Robert Miller
Executive Director
National Fragile X Foundation

Some of you may have recently read an online commentary by nationally syndicated, columnist Dr. Manny Alvarez. Not only does “Dr. Manny,” as he goes by, seem to be a qualified and thoughtful medical practitioner, but he is also the parent of a child diagnosed with autism. Therefore, I take his opinions seriously.

“While Fragile X syndrome has similar symptoms to autism, it differs in that it has a very well described genetic underpinning.

The reason this is important is because medications for the treatment of autism symptoms need to be carefully studied and individualized to specific spectrum disorders. If not approached in the right way, we may end up with medications that are perhaps not indicated properly and abused down the line.”

I have written to Dr. Manny in the comments section of the article, and I will share the same thoughts here as well.

In the quote above, Dr. Manny appears to miss the point that Fragile X syndrome (FXS) is a portal into a better understanding of autism. The “genetic underpinning” of FXS that he refers to as an example of what’s different about FXS and autism is exactly the opposite: it is a clue to the likely genetic underpinning of much of autism. According to numerous and highly qualified medical professionals such as Dr. Randi Hagerman, Medical Director of the UC Davis M.I.N.D. Institute, FXS is an autism spectrum disorder, a point he seems to be confused about. (The CDC states it as, “Autism spectrum disorders (ASDs) also occur more frequently in people with FXS.”)

In his column, Dr. Manny expressed concern and caution about drugs currently in clinical trials for FXS and autism and, in particular, his concern that improvements may be nothing more that the result of sedation, not true behavioral and cognitive improvement.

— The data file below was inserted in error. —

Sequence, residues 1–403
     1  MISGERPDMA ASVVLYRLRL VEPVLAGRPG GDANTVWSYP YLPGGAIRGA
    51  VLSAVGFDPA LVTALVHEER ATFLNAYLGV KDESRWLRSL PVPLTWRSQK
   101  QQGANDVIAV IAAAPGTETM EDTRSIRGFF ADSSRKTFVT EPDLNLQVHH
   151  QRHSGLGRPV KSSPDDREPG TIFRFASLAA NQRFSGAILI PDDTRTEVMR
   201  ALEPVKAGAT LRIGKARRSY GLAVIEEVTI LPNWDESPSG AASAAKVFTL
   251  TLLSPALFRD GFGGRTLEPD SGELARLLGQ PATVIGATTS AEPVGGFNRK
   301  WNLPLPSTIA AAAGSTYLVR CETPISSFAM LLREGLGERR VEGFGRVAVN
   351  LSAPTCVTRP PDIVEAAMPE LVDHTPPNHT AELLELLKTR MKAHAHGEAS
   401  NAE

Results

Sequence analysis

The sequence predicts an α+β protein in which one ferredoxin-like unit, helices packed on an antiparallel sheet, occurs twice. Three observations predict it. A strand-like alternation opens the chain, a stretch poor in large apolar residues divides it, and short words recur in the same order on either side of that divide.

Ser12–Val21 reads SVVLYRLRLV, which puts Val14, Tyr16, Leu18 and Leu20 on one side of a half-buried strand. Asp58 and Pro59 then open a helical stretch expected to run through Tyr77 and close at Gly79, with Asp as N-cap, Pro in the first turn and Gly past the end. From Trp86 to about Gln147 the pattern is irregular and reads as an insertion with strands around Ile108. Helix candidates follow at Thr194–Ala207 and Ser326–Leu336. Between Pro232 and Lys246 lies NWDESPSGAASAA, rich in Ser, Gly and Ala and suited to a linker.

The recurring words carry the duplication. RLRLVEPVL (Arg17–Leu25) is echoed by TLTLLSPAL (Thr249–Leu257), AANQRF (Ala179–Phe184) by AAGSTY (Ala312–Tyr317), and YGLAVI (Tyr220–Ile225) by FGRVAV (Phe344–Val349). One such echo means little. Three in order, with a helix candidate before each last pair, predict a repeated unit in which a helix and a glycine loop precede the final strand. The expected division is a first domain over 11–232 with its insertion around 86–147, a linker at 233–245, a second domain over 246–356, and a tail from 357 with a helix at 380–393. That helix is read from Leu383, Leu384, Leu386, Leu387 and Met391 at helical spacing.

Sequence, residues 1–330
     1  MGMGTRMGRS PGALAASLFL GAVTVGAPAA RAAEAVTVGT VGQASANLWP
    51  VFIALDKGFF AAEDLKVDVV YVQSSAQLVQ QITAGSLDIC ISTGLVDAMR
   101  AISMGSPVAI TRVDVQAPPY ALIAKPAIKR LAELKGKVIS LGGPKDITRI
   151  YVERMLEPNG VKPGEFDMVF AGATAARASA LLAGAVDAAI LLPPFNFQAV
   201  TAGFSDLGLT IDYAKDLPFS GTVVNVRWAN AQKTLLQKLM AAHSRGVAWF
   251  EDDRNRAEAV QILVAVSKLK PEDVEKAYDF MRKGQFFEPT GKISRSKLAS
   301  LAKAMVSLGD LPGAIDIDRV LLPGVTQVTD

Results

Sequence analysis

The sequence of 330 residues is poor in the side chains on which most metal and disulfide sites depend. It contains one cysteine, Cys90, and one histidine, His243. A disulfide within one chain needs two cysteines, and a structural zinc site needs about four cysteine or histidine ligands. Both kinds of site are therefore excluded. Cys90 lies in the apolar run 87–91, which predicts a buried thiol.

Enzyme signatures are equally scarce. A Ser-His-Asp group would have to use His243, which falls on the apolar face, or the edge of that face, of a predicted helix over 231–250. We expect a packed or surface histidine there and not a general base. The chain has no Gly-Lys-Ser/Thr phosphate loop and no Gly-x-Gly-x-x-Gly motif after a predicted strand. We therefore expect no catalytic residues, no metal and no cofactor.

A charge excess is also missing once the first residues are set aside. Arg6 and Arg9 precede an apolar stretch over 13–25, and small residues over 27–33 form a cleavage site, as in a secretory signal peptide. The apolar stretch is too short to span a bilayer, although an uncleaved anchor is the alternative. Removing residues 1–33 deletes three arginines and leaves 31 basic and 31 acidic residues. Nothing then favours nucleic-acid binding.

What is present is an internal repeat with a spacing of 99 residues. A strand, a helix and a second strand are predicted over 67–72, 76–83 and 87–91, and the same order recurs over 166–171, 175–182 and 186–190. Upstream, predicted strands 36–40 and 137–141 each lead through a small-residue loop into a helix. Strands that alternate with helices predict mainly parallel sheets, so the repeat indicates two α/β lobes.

“The problem that I have with these drugs for the use in the autistic spectrum is that there are drugs with similar mechanisms of action – for example, activating the GaBA receptor – that are currently in use for anxiety.  One, which you may have heard of, is called Valium.

So the question is: Are we sedating these children and therefore seeing an improvement in their anxieties, or is there truly a mechanism that is decreasing their autism-like symptoms?”

While I’m no scientist, I want to reassure Dr. Manny that the scientists I know are filled with an abundance of caution and are deeply committed to helping develop new treatments that lead to better lives for those with FXS and for those with autism or ASDs. And, without exception, those scientists understand that it will be the combination of drugs, traditional interventions, and the loving care and support of their families (including Dads like Dr. Manny) that will lead to the biggest improvements.

We need people like Dr. Manny thinking and talking about FXS and autism. But we also need them to be accurate.